Hi! We continue to talk about ways our clients can apply 3D-printed equipment, and today we’ll take a look at STUDIO 911 model store.
STUDIO 911 has been creating city models as well as conceptual, architectural, industrial and interior ones at scales from 1:10 to 1:2000 for more than 5 years. Its regular clientele includes architects, building and development companies, museums, and creative and advertising agencies.
What distinguishes STUDIO 911 from other modeling stores out there is its unique approach to production.
All necessary processes are performed within the company, with no side contractors involved. The process of project realization is organized in such a way so as to allow for multiple projects to be underway simultaneously, which doesn't interfere with the quality of the work. Such work organization results in good business scalability. This is exactly where 3D printing comes into play.
In total, the store has five FDM PICASO 3D printers and, as of now, another one working with resin, that is Formlabs Form 2.
At the model store, 3D printers are used to create model components, FDM printers to print large ones, and SLA to obtain miniature and highly detailed ones.
Form 2 was chosen because of its handy software, high assembly quality, and excellent design. At the time it was bought, it had no notable contenders in terms of the price/quality ratio.
The fact that printers by PICASO 3D are produced in Russia is exactly the reason why they were picked. With printers continuously in professional use, maintenance, guarantee and repair issues are much more pressing compared to private use, and to contact a company based in Zelenograd to address these issues is far more convenient than in the case of foreign manufacturers.
Back in the day, model components were cut out of foam plastic, glued together from plastic sheets, ground and milled with machines using various materials, including stone.
The model on the left is cut out of stone, and the one on the right is a 3D print.
All these techniques are also applied today, but 3D printing has seriously expanded the possibilities model makers have.
The majority of the components that are printed with the use of Form 2 weren’t capable of being produced for a reasonable price — only a goldsmith would have handled such painstaking work, and indeed not everyone; they would have spared loads of time and requested a congruent fee. Today, these components are printed with the use of a photopolymer printer with consistently high performance.
The pros of FDM printers in the trade of modeling are obvious — in case of a large-object order, you can always task a few printers with making the components it includes and get the finished parts much faster compared to the work of human specialists, whichever machines the latter would have used. This also applies for producing a batch of the same components.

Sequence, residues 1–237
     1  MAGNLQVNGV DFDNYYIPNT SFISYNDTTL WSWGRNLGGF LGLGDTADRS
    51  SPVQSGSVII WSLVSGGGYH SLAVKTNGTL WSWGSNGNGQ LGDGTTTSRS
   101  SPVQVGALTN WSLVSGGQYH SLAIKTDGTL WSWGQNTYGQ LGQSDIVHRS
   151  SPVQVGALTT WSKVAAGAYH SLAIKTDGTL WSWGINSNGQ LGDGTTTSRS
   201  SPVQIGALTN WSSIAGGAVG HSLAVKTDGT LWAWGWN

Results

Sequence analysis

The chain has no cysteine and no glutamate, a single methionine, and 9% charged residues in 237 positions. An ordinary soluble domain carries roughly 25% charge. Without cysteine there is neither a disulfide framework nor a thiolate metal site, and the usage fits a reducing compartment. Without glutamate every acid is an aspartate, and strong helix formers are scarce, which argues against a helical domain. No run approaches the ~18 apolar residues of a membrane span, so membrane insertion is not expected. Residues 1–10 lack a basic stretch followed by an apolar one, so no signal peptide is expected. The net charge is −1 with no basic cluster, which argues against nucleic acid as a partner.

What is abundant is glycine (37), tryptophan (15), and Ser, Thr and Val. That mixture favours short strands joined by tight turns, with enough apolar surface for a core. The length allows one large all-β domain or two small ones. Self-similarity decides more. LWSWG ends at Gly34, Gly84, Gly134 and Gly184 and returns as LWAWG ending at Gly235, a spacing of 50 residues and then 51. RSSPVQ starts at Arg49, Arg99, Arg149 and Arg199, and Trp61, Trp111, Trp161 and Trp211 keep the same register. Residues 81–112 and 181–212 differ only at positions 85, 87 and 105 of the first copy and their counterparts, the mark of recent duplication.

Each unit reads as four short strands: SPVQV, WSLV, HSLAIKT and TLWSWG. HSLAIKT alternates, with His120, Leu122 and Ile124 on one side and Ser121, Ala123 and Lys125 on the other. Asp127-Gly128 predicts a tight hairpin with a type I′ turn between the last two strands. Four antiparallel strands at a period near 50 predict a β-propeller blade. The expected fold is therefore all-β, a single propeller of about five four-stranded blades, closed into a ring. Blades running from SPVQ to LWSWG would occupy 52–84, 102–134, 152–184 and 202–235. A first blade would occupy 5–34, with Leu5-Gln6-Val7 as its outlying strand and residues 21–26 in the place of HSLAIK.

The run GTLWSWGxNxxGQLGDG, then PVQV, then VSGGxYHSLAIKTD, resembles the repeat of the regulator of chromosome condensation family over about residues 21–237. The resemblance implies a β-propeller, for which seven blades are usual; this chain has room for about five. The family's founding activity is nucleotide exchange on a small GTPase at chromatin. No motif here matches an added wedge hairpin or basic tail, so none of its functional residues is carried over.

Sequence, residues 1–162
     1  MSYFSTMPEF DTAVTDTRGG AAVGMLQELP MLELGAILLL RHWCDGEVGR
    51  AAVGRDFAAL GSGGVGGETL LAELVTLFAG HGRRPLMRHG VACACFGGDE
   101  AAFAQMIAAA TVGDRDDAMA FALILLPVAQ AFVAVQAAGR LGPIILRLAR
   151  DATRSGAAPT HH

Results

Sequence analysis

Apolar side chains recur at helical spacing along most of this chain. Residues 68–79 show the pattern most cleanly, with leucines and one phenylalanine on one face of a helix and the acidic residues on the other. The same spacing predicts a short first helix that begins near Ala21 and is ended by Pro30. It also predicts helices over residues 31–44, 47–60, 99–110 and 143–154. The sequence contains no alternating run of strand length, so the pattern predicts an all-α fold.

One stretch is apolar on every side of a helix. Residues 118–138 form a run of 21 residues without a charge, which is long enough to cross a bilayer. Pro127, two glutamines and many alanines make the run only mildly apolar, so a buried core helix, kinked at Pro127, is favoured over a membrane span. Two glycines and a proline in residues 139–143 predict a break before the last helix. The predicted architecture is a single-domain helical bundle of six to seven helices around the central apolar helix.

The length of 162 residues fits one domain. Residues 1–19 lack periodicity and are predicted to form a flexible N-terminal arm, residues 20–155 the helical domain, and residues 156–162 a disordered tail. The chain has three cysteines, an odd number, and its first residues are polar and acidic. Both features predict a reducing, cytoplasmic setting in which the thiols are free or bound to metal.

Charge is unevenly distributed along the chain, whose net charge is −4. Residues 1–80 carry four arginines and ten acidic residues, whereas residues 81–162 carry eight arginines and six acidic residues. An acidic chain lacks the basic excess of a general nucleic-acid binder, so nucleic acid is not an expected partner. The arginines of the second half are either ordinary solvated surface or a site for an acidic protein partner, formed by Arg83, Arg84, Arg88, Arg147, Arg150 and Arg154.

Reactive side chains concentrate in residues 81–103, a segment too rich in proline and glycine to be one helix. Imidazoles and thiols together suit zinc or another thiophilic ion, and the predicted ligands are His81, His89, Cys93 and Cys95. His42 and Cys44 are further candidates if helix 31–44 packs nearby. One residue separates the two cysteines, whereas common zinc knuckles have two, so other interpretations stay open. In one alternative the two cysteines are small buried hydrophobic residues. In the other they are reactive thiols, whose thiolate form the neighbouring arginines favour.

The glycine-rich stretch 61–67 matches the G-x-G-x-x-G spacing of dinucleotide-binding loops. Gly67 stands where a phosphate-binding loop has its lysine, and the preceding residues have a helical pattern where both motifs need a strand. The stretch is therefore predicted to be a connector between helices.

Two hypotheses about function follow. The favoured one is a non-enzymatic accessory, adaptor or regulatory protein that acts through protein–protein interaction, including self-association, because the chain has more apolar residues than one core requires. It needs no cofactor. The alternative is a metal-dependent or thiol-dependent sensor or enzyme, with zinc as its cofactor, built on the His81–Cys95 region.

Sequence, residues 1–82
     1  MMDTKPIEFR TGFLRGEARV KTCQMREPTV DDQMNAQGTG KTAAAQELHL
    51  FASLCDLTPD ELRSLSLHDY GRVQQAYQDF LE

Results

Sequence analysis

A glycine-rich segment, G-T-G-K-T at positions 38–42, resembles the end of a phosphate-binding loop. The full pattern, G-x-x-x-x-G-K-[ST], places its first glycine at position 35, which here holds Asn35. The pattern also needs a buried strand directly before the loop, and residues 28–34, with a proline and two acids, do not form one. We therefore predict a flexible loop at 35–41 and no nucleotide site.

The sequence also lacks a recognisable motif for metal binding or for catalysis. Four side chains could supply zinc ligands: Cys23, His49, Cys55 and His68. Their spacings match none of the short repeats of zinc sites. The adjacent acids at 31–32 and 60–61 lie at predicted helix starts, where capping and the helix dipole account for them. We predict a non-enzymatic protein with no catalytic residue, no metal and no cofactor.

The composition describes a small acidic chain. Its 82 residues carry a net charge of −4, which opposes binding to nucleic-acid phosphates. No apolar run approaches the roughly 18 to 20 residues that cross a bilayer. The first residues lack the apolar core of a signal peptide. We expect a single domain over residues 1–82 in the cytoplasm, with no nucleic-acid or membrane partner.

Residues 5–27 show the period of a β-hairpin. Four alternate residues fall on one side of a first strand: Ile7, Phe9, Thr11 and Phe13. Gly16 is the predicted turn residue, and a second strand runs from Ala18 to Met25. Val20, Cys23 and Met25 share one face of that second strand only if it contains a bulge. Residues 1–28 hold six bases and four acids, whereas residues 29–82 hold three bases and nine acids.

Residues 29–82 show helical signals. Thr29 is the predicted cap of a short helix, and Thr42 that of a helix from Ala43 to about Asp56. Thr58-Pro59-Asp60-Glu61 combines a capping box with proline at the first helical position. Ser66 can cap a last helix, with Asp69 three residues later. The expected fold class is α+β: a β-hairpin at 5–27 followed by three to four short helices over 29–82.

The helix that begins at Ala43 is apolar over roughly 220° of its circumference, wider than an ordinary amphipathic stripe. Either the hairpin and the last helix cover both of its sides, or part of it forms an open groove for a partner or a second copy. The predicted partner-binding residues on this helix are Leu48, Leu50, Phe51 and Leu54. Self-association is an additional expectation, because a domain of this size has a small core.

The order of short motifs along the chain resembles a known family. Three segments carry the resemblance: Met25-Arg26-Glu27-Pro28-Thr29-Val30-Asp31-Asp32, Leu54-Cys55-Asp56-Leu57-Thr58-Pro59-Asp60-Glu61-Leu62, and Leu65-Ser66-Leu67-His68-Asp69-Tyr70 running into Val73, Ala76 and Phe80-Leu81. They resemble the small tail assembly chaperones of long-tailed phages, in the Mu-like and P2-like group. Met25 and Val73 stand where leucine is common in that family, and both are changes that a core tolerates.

The main advantage of SLA is a notable expansion of scales available for production. Before stereolithography printers emerged, the minimum scale was 1:500, and it was very difficult to obtain a high degree of detail with — building models produced at such a scale could only have a general shape and volume, with no finer details. Today, models at scales of 1:1000 and 1:2000 are made effortlessly, with the possibility to show the exterior of facades, and other, previously unavailable details.
A model of the Moscow center at a scale of 1:6000, with the 17-meter-tall (55 feet) monument the size 3 mm and stars discernible on the towers of the Kremlin.
In creating large single components where the smoothness of the surface is of importance, traditional techniques are still more preferable to opt for — FDM gives a clear-cut layer texture, and removing it takes quite an amount of post-processing, which detrimentally affects the accuracy and increases the production time, and printing such components with the use SLA is too long and unprofitable, even part by part.
As an example, a model produced with traditional techniques can be considered. Large smooth linear components, such as panel houses facades and other simple architectural shapes, are easier to cut out manually.
3D-printing has brought many novelties into the trade of modeling и significantly expanded the range of its possibilities — both quantitative and qualitative: it has accelerated the production of models, increased their accuracy and the range of scales available.
As of now, you can’t yet substitute all processes with 3D printing at the model store: it is not cost-efficient in this day and age. But you can’t now imagine a decent model store without those either. It is well seen from the example of STUDIO 911, where efforts are made not only to produce high-quality models but also to reach the scale of mass-production in this.
3D printers take over the routine part of the work, leaving for specialists a more creative one and thus increasing the efficiency of their work, and the productivity of the whole store as a result.
A miniature depicting Moscow's points of interest, a disk the size of a saucer.
You can buy a 3D printer for your modeling store at Top 3D Shop — our specialists will gladly help you select equipment for addressing all kinds of industrial and creative tasks.